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|Subject: Negative Interest-rates to Persist.||Date: 12/12/2012 4:39 PM|
|Author: trader2012||Number: 34552 of 35400|
The Consumer Price Index for All Urban Consumers (CPI-U) increased 0.1 percent in October on a seasonally adjusted basis, the U.S. Bureau of Labor Statistics reported today. Over the last 12 months, the all items index increased 2.2 percent before seasonal adjustment.http://www.bls.gov/cpi/cpid1210.pdf OTOH, as you can see from a chart of the 10-year bond, which is a reasonable proxy for the level/direction of interest-rates and whose yield is now roughly 1.7%, the price of money is lower than the YOY increase in the cost of good and services. In other words, the Bernank has choosen to continue the transfer of wealth from savers to borrowers. http://finance.yahoo.com/echarts?s=^TNX+Interactive#symbol=^...
So, what does this mean for fixed-income investors? The prices of whatever financial assets you already own will continue to be supported. The prices of what you need to own (or might want to own) --be they real things like food and fuel, or imaginary things things like securities-- have gotten more expensive.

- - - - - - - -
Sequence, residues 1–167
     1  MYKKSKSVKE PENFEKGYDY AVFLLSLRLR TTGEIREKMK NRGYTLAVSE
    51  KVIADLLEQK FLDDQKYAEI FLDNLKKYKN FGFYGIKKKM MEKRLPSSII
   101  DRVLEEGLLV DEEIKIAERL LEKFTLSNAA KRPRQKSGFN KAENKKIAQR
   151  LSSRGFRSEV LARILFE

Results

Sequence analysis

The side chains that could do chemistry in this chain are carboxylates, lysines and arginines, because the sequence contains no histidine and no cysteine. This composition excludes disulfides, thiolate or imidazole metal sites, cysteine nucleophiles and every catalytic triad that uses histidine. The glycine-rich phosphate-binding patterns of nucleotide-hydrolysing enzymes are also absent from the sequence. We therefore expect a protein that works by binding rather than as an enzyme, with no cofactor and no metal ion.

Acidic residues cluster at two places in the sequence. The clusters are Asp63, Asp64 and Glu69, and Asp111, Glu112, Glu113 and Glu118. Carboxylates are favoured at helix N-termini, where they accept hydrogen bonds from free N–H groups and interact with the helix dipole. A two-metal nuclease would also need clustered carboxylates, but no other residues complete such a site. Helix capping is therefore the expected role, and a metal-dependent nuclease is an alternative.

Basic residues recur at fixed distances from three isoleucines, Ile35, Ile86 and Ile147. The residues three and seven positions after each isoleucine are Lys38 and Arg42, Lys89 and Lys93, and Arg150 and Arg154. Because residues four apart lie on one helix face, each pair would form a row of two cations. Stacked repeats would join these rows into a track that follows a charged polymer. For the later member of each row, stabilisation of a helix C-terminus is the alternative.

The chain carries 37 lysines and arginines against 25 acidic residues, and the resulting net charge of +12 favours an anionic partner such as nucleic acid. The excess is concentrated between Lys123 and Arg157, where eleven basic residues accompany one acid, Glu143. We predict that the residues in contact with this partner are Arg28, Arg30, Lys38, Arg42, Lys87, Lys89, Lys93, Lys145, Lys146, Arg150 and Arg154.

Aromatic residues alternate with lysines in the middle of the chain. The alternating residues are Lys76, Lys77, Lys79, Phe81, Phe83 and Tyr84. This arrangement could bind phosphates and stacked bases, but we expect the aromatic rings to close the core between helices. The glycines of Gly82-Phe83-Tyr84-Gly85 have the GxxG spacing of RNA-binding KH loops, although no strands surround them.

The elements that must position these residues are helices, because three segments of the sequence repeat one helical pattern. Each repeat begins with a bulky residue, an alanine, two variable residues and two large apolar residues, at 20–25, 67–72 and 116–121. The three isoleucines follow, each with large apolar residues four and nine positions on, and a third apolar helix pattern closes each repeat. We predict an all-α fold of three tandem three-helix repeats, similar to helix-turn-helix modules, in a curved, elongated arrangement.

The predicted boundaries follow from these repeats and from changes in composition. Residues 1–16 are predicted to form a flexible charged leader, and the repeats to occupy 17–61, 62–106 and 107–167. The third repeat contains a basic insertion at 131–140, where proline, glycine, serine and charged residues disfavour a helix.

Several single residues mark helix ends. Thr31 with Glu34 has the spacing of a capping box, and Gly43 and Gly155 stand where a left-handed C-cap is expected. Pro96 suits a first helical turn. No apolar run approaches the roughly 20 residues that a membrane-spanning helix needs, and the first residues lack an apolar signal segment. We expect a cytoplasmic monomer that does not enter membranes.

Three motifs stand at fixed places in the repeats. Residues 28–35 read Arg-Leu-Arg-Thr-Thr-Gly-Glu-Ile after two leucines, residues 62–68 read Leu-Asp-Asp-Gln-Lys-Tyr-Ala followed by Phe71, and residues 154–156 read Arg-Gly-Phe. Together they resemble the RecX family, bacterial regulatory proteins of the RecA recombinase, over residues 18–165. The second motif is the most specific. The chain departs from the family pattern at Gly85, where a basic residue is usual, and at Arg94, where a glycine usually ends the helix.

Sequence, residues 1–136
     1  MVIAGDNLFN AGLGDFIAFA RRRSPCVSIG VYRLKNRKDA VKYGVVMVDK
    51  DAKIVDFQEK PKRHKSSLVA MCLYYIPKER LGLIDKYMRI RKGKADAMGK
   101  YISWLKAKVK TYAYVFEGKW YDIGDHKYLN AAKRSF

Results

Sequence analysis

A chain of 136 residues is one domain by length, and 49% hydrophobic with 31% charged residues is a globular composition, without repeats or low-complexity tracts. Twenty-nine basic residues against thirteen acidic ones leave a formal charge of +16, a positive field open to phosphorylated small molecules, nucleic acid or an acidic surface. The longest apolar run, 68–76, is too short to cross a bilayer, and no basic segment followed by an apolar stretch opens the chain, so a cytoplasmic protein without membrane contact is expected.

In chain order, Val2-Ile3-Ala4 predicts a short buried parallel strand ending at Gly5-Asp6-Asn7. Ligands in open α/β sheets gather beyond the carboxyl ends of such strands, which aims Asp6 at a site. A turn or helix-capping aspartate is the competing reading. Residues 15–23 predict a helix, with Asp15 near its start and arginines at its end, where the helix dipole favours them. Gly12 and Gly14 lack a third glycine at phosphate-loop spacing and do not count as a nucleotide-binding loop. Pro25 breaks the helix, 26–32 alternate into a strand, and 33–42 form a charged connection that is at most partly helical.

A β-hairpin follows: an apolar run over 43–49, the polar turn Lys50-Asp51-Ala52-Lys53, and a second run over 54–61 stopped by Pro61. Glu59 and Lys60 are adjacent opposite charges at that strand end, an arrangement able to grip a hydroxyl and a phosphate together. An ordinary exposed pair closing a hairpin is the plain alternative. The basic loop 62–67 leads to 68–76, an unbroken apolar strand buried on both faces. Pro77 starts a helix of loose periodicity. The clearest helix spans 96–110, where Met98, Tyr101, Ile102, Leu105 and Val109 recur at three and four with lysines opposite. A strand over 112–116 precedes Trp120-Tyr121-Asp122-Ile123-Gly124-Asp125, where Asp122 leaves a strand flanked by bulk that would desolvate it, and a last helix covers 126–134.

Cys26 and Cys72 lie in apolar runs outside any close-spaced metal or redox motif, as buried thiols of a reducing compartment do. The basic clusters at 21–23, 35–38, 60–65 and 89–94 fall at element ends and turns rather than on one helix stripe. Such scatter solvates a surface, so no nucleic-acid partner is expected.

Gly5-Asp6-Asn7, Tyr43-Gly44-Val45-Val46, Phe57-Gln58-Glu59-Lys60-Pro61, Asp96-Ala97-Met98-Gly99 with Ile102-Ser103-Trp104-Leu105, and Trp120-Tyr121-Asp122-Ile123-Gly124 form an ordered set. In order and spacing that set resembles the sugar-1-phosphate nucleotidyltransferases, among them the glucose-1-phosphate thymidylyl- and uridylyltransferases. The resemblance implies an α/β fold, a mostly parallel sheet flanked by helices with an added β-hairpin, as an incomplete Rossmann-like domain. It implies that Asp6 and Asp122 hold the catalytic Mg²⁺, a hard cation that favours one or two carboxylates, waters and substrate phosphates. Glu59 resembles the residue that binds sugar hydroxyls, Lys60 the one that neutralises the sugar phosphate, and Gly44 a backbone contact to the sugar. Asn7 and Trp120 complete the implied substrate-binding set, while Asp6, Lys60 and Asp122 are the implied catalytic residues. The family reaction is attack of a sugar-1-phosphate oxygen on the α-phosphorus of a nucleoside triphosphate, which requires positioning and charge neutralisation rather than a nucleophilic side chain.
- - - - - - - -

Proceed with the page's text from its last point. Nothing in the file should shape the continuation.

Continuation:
I might yet come to grief for the systematic bond buying I did in 2009, 2010, 2011, and this year (altogether, roughly $700k face, at a cost of roughly $500k, spread across roughly 300 positions). But my prospects for profits seem very favorable at this point, supported as they are by the Fed's unchanging policies. Yes, in truth, Ben and his buddies are destoying the US economy. But, meanwile, there's a helluva party on the after-desk of the USS Titanic for anyone involved with financial markets. As an investor, I'm making twice the money I ever did working a real job.
But also, in truth, I'd readily give back half of it if the US Congress acted resolutely to cease deficit-spending immediately and to repay every penny of the national debt within ten years. In other words, I'd be more than happy to exchange the current, temporary prosperity for a few for a longer-term, broader prosperity for all. That's the double-down, go-for-broke bet that the Fed is making. If a combo of economic-recovery and debt pay-downs through currency depreciation doesn't work out as Ben is hoping, we are all doomed. But, then, we've seen this movie before, right? or --better said-- our parents or grand-parents did in the 20's and previously and cycically about every 20 to 30 years before that for as long as there have been markets and governments have intervened in them. Herodotus and Cicero wrote of financial follies. What we are seeing is nothing new, and the smart money bet is that the ship will sink because the captain and his crew weren't paying attention to maintenance and navigation.
Know where your lifeboat station is, and do the financial equivalent of sleep in your clothes, readily to depart on a moment's notice.
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